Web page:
The patient was exhaustively re-evaluated and, among other complementary tests ordered, were a baseline cortisol test, and a suppression test with dexamethasone, as a genetic study to discount the possibility of diagnosing an illness of liposomal deposits. These results show the existence of Cushing’s Disease, confirming by RMN the existence of a hypophysary adenoma and a heterozygotic mutation in the GLA gene compatible with Fabry’s Disease. Having completed the study the patient is on the waiting list for surgery.


In this patient we were faced with two different clinical problems. In the first place, the appearance of a fracture of the femoral neck, as the first manifestation of Cushing’s Disease, which on the other hand had not shown a single other clinical manifestation, save for arterial hypertension (well controlled by medication) without even being overweight (BMI: 24.7 Kg/m2), and she was also a carrier of Fabry’s Disease. The diagnosis of Cushing’s Disease could only be made through an exhaustive search of secondary causes of osteoporosis, which did not even show clinical manifestations. Meanwhile, in addition to the fracture of the femoral neck the patient suffered two new fractures: one in the sacrum, the other in the fourth right metatarsal, which were initially considered to be “stress” fractures, the consequence of prolonged immobility the patient had suffered (more than one year), for treatment of the hip fracture.
The appearance of Cushing’s disease in the form of various fractures, one of which being of the hip, in a young woman, has not been described until now in the literature we were able to consult. In itself, Cushing’s Disease is an uncommon occurrence1 and fractures can be a complication of this disease, but are usually late2. On the other hand, what calls ones attention as being atypical in this clinical case, is the practical absence of clinical manifestations of Cushing’s, since the patient only showed HTA, which, what’s more, was controlled with medication, in the context of a family with a wide history of HTA, her diagnosis being confirmed by the complementary test carried out3,4. On the other hand, in the wide etiological search of the disease, we carried out a genetic study to confirm or deny diseases of storage, and obtained, to our surprise, a mutation in the same allele in heterozygocity for the GLA gene: heterozygote for the double mutation IVS4-16ª>g; IVS6-22 c>t, also described as IVS+1704 a>g; IVS6+249 c>t5, which indicated that the patient was a heterozygotic carrier of Fabry’s disease with normal enzymatic activity (Alpha galactosidase in leukocytes: 61 nM/mgprot.h and Alpha galactosidase in blood: 20 nM/ mL.h).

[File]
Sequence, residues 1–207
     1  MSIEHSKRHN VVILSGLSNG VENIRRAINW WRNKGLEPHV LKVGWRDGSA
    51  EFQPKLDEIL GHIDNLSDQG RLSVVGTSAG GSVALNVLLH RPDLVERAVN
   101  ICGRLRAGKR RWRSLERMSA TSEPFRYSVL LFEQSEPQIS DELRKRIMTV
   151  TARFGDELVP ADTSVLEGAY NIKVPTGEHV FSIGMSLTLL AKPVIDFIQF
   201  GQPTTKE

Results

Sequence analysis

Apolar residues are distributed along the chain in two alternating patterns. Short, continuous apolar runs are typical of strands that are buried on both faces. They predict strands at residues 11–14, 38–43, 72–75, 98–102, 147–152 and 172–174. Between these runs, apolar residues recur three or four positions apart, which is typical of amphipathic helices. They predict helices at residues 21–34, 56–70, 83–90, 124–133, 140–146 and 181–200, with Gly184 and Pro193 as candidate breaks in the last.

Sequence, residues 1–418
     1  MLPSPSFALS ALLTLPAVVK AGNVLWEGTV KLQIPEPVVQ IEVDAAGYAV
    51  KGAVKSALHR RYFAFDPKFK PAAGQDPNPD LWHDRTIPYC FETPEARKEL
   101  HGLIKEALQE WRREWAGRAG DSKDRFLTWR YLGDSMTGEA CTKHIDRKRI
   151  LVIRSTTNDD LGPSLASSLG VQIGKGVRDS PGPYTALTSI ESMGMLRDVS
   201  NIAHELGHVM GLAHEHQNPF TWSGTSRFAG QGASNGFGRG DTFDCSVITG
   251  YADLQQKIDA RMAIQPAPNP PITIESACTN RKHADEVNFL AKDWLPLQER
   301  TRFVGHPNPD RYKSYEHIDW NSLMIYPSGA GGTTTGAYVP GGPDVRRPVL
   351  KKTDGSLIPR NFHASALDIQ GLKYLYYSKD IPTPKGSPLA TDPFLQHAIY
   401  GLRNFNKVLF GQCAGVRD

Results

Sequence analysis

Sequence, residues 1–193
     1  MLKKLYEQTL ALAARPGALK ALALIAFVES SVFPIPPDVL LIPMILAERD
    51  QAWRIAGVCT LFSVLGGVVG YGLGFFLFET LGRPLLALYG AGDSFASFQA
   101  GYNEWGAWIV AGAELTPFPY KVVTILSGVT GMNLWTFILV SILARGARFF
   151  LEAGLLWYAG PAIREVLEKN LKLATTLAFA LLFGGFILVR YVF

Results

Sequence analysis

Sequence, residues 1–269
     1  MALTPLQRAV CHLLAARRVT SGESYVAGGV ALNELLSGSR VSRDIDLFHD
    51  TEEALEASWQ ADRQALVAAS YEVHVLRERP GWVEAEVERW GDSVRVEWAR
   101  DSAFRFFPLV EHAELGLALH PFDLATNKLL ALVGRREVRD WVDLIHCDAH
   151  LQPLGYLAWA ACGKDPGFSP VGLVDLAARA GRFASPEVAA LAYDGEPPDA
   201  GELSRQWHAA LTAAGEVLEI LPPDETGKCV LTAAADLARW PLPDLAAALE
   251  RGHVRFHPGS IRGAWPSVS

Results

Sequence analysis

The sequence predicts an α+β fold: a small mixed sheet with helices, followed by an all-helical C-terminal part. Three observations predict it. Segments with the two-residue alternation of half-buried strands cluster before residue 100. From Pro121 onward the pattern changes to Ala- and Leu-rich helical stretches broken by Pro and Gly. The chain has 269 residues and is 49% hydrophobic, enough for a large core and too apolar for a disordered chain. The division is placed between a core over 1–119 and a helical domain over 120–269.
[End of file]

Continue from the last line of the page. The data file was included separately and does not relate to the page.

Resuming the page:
Fabry’s Disease, Anderso-Fabry or angiokeratoma corporis diffusum, is a hereditary disorder with the mutation of the alpha galactosidase A gene situated in the chromosome X (Xq 22.I). This mutation determines the storage of the neutral glycosphingolipids (globotriaosylceramide and galactosilceramides) in the lisosomes of the endothelial, perithelial and smooth muscle cells, with their accumulation in the blood. The incidence is of between 1/40,000 to 1/117,000 in the whole world6, although in our environment it is one case for every 476,000 living persons (1:238,000 males)7, and its distribution is pan-ethnic. Its clinical expressivity is usually more serious in males, although women carriers are not exempt from being affected8. The clinical spectrum is highly varied; from neutropathic pain, fever of unknown origin, intolerance to cold and hypohydrosis, corneal opacity, gastrointestinal affectation, angiokeratomas and tinnitus, to an affectation of the target organ with early cardiovascular disease, cerebrovascular accident, progressive renal failure to a terminal state, left ventricular hypertrophy and arrhythmia9, without finding a single similarity with the clinical picture of our patient nor its sub-clinical detection through the complementary tests carried out. Manifestations less frequent are osteopenia and osteoporosis10,11, with the description of an isolated case of avascular necrosis of the femoral head12. In this genetic study we found the same mutation in the mother and sister, with normal enzymatic activity in both. Neither had had fractures. There were no brothers.
We do not know to what extent Fabry’s disease could have played a role in the appearance of these fractures or what may have been caused by co-existing Cushing’s disease.
Secondly, the other clinical problem this patient had, was the delay in the diagnosis of the fracture of the femoral neck. The clinical data (young woman, previously healthy, minimum trauma), along with the fact that the first two X-rays did not detect the fracture, contributed to this happening unnoticed, and putting weight on a fractured neck produced a deformity of the leg, which finally required surgical treatment for its consolidation.